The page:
|Space telecommunications was necessary for telemetry and communications with Cosmonauts and Astronauts. Although the Soviet Union had the huge land mass for
communication stations in the Northern Hemisphere, as well as a station in Cuba, these stations could provide coverage in the Northern Hemisphere. However there
were no facilities for the Pacific or Southern Hemisphere. To provide for telecommunication needs for the Cosmonauts and satellites, the Soviet Union developed a
series of ships designed to provide for telemetry needs where land stations did not exist. In 1965 and 1966 a number of merchant timber carriers called the Vytegrales
Class were built at the Zhdanov, Leningrad and Vyborg shipyards in the Baltic. Four of these were taken over by the Academy of Sciences and converted to Space
Event Support Ships to provide telecommunication in areas not covered by land stations. They were called the Borovichi Class and were of only moderate size with a
full load displacement of 7,600 tons. They were converted from the timber carriers in 1967. Four more of these timber carriers were given a more significant and
capable conversion in 1977 and 1978. The next conversion was on a much grander scale when a bulk carrier of the Poltava Class was converted into the Kosmonaut
Vladimir Komarov, which weighed in at 17,500 tons full load and could easily be distinguished by the presence of two large and one medium size communications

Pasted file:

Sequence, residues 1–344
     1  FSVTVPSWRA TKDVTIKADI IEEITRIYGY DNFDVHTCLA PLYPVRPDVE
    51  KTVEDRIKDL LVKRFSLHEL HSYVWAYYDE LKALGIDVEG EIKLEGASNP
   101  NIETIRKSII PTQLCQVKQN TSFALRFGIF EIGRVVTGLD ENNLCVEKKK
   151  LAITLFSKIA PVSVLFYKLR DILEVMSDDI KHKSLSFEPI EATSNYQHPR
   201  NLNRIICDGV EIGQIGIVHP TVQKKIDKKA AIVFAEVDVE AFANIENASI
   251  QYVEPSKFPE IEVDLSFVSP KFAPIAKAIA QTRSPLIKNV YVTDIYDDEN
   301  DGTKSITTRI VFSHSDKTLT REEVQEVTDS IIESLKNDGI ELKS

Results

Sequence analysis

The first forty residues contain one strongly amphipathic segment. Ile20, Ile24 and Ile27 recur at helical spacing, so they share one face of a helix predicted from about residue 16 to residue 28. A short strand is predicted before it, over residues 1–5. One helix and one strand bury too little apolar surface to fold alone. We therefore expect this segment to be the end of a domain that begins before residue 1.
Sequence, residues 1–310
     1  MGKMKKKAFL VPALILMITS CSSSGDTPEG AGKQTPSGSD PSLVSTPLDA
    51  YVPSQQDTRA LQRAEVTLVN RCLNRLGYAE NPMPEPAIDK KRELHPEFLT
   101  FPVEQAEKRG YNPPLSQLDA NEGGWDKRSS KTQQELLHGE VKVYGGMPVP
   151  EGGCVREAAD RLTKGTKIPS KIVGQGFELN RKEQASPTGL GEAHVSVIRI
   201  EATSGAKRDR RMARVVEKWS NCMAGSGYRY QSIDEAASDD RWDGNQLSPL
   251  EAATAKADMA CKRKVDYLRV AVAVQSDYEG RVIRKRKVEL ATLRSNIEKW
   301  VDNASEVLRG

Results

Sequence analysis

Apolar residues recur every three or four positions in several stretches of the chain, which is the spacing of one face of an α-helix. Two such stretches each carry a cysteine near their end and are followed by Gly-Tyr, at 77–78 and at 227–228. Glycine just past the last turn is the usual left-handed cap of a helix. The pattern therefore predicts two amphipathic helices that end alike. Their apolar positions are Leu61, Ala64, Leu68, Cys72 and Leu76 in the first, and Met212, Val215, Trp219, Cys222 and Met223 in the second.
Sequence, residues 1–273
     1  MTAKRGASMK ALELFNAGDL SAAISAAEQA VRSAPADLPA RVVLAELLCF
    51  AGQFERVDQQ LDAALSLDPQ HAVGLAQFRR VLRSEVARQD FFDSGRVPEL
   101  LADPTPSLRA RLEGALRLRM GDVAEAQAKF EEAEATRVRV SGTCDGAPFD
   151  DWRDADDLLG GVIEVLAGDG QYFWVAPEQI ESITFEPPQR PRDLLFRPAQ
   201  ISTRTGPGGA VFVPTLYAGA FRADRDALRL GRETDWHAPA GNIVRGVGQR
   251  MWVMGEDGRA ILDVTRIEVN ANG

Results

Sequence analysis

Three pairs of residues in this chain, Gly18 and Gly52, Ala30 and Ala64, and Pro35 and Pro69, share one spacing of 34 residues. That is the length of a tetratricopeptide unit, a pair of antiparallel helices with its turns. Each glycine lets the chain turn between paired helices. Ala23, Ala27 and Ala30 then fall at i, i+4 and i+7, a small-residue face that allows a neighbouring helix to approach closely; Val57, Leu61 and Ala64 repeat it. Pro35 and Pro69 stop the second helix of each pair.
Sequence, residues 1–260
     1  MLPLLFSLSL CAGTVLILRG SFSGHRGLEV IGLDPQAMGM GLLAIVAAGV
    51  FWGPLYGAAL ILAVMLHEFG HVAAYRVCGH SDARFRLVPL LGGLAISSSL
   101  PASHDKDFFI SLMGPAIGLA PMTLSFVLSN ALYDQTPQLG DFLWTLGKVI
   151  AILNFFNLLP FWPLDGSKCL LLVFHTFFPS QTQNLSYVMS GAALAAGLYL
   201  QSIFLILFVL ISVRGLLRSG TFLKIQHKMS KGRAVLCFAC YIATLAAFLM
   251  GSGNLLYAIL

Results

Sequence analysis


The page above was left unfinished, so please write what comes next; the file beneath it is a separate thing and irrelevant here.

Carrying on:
domes. She went into service in 1966 and was the largest of the Space Event Support Ships until 1970 when the Akademik Sergei Korolev went into service with a
displacement of 21,465 tons.
In December 1971 the largest and grandest of all Space Event Support Ships came about. As with all of the others, the ship was manned and run by the Academy of
Sciences as a purely civilian enterprise. The ship was named in honor of the first human in space, Kosmonaut Yuri Gagarin and displaced a whopping 53,500 tons. She
was originally designed as a Sofiya Class tanker but the design was modified before the ship was laid down to her new function. The Gagarin was built at the Baltic
Shipyard in Leningrad. The dimensions were 760-feet (231.7 m) overall (213.9 m between perpendicular bulkheads), 102-feet (31.1 m) beam and 33-feet (10 m) draft.
She was powered by one set of gas turbines with electric drive with one propeller providing 19,000 hp for a maximum speed of 18 knots. Bow and stern thrusters
were provided. The range was a tremendous 24,000 nm at 17.7 knots and carried a crew of 160 with another 180 scientists/technicians. The Gagarin was given
extravagant fittings in the style of an ocean liner with three swimming pools, a 300 seat theater and gymnasium. The huge size with a cleaver bow and four
communication dishes, two of which were huge, made the Gagarin instantly recognizable. The space communications were provided y two 27 m diameter Ship Shell
dishes, two 12.5 m Ship Bowl dishes, all four of which were stabilized. Additionally she was equipped with two Vee Tube HF arrays and four Quad Ring arrays. The
Kosmonaut Yuri Gagarin remained the largest communication ship in the world and was based in Odessa on the Black Sea. In 1975 the ship was instrumental in the
joint Soviet-American Soyuz-Apollo program. Her role in space communications ended when the Soviet Union broke up and the Ukraine took over the ship in 1992. In
1996 she was renamed Agar. She didn’t remain long under that name as later in the year she was towed to Aliağa, Turkey and scrapped.